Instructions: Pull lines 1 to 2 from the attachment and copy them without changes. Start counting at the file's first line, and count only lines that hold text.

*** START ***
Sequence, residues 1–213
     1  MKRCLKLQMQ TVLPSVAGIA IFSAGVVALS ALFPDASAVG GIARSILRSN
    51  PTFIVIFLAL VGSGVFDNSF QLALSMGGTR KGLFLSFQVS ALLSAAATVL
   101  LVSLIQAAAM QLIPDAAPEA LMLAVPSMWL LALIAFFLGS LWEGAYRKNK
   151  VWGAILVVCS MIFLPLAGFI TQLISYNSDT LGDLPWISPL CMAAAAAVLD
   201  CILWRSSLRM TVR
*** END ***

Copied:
Sequence, residues 1–213
     1  MKRCLKLQMQ TVLPSVAGIA IFSAGVVALS ALFPDASAVG GIARSILRSN